Linda and Gary Casady spent four long years looking for a house they could turn into the Youth Empowerment Shelter.
Late last year they finally found it and signed a one-year lease on Jan. 1.
The 3,208-square-foot, five-bedroom, three-bathroom home is located at 514 East 9th Street in The Dalles and big enough to house 10 kids.
“This came on the market at 8 o’clock one morning and we were here at 9 o’clock and made the offer then,” Linda said. “It was priced very well. We thought if we waited until the afternoon it would be gone.”
All that remains is getting licensed and hiring a staff.
The shelter has one paid counselor, Jensie Bryan, but needs two full-time house parents, two night supervisors, two personal advisors and a part-time outreach coordinator.
YES received a $20,000 grant from The Dalles City Council last July and hopes to receive more funding this coming fiscal year.
“The city has been a great supporter and they came back to us, the city council, and said apply again and we’ll have a grant for you,” Linda said. “Three counselors said keep working on this. We’ll advocate for you. We feel real supported by them.”
The project has also received small donations from the community and with the lease paid for a year, has about $40,000 in the bank but needs $60,000 to operate.
YES is waiting to hear back from four different grants.
“The bigger funders like Ford Family Foundation that give $100,000 or $200,000, they want to see the community buy in first and they will donate after,” Linda said. “That’s pretty common so we really need to get that community support. We’ve had several funders tell us they will consider us after we’ve been in operation for two years or more.”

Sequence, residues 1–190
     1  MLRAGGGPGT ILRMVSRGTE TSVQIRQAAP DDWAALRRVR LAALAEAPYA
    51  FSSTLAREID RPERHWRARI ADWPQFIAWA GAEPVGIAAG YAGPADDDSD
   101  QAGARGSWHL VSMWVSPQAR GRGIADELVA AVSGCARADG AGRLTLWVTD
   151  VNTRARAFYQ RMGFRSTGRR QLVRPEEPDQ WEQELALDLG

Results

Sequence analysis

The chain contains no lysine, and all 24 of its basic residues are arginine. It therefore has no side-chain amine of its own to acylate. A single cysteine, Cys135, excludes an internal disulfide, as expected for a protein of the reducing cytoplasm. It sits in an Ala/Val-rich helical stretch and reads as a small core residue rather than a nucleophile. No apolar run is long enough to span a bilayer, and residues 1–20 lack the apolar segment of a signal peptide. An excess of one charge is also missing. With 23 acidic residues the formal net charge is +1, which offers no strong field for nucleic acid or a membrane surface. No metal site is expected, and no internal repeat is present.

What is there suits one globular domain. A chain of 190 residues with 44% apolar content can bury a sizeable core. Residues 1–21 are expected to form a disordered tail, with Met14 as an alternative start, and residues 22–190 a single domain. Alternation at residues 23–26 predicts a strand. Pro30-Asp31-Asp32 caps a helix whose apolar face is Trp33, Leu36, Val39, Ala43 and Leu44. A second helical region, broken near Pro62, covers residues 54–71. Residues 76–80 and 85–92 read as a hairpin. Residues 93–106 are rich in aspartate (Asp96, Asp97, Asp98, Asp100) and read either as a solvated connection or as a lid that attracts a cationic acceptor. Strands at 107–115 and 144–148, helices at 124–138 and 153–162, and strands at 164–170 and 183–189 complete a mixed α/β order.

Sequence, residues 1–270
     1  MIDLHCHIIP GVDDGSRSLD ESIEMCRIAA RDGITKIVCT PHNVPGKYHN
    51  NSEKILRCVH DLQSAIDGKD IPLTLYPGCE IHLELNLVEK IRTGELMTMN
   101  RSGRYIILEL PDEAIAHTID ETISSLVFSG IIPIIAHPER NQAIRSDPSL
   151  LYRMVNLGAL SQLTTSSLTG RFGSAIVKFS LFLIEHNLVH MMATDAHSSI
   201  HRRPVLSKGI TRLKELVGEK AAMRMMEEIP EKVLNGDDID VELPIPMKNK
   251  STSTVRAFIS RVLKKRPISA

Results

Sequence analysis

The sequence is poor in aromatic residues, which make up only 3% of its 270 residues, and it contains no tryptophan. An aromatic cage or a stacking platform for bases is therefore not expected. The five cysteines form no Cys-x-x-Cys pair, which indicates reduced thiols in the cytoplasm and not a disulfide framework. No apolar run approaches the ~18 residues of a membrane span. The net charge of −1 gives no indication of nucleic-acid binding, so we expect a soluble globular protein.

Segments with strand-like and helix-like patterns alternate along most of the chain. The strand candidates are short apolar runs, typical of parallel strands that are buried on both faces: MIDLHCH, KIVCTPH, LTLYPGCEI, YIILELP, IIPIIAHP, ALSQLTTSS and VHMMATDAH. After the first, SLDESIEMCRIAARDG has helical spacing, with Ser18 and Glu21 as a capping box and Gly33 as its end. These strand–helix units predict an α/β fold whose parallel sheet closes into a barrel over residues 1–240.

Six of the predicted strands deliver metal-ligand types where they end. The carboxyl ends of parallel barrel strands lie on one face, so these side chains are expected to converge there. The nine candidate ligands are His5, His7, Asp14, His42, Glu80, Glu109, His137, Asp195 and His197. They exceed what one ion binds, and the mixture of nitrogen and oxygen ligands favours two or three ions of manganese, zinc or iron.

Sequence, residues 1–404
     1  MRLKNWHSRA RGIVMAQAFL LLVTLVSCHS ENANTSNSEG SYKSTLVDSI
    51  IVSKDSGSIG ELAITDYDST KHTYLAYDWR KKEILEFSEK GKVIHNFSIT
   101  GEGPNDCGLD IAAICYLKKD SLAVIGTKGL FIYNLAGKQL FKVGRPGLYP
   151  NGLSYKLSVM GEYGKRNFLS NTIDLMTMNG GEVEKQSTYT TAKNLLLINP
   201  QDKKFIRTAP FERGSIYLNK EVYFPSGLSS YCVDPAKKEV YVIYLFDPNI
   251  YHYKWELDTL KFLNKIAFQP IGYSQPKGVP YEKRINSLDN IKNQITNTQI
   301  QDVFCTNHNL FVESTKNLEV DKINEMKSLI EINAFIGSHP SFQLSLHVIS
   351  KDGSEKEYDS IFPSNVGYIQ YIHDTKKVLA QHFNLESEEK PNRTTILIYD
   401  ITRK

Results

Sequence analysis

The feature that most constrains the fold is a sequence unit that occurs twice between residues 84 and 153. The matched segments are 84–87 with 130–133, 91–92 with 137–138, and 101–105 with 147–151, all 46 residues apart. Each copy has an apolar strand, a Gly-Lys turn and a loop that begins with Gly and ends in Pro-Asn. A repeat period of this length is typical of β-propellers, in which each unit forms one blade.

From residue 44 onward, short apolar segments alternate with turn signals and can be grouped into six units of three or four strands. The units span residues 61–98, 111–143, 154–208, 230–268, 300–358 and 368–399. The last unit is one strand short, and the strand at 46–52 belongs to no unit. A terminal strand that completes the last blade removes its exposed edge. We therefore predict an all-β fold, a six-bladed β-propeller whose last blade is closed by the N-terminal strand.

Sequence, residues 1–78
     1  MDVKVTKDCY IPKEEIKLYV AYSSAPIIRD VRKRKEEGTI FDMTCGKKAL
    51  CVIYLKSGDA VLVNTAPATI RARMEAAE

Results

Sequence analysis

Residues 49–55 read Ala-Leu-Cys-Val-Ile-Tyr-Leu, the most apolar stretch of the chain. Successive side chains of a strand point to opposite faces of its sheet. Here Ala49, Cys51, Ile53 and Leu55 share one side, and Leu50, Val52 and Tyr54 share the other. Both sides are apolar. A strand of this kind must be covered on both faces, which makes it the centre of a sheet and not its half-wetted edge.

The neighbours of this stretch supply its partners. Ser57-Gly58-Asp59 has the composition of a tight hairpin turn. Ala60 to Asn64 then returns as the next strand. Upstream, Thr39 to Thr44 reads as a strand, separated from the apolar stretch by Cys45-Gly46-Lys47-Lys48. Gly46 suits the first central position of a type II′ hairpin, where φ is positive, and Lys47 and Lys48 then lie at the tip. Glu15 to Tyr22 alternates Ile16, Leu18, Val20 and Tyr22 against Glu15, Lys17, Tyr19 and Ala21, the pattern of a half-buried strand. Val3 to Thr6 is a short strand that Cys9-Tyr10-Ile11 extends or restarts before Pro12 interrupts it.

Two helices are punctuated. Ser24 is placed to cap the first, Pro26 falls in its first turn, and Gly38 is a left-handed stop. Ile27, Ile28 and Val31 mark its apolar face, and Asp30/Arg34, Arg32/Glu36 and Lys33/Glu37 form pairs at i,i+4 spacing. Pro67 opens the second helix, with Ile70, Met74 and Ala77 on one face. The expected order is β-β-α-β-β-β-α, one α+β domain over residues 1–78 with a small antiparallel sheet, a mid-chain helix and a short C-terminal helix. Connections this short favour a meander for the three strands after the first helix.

YES would provide housing, three meals a day, mediation, life skills training, educational assistance and community to the 300-400 homeless youth ages 10-17 in six counties—Wasco, Hood River, Sherman, Gilliam, Klickitat and Skamania.
“Those are the ones that are considered unsheltered, in a car or under a bridge,” Gary said. “Those are not the couch surfers.”
Gary and Linda have seen and felt the need for a shelter while volunteering at The Dalles High School, as Court Appointed Special Advocates (CASA) and at The Next Door.
“There is a youth shelter in every part of the state but this one, so we visited five different ones around the state to see how to do it and what should be here that isn’t here,” Linda said. “Eventually we’ll make ourselves available to all of them [six counties]. I talked to the schools. They are very anxious to have something because they have kids that they don’t know how they can help them. If White Salmon calls us and says there’s a kid here, we’ll be available to that.”
The plan is for runaway youth to stay at the shelter from one day to five months.
“Our intention is to be a short-term provision, not a long-term treatment,” Linda said.
“Though we will do a follow up,” Gary added.
“If a kid comes to the door and says I need a place for the night, we’ll try to accommodate,” Gary said. “We’re planning on one room that will be an emergency room that helps them but keeps them away from the regular population until we can assess.”
YES will also work with different agencies to be prepared when a youth shows up at their door who is intoxicated, aggressive or suicidal.
Gary is executive director of the Youth Empowerment Shelter. Linda serves as secretary of the board of directors with President Livia Christenson, Vice President Dick Kessler, Treasurer Doug Quisenberry, members Bill Marick, Ted Pitt, and Teddy Evans and youth representatives Elizabeth Compos-Blas and Annabeth Pickett.
Linda noted the board is always looking for volunteers, especially business people.
“All the people on the board are service-oriented and we’re good at thinking about what to do, but how to manage finances and make plans and spend money and all that, we could really use some insight,” Linda said.
An open house for the shelter is scheduled on March 18.
To donate, visit yeshelter.org.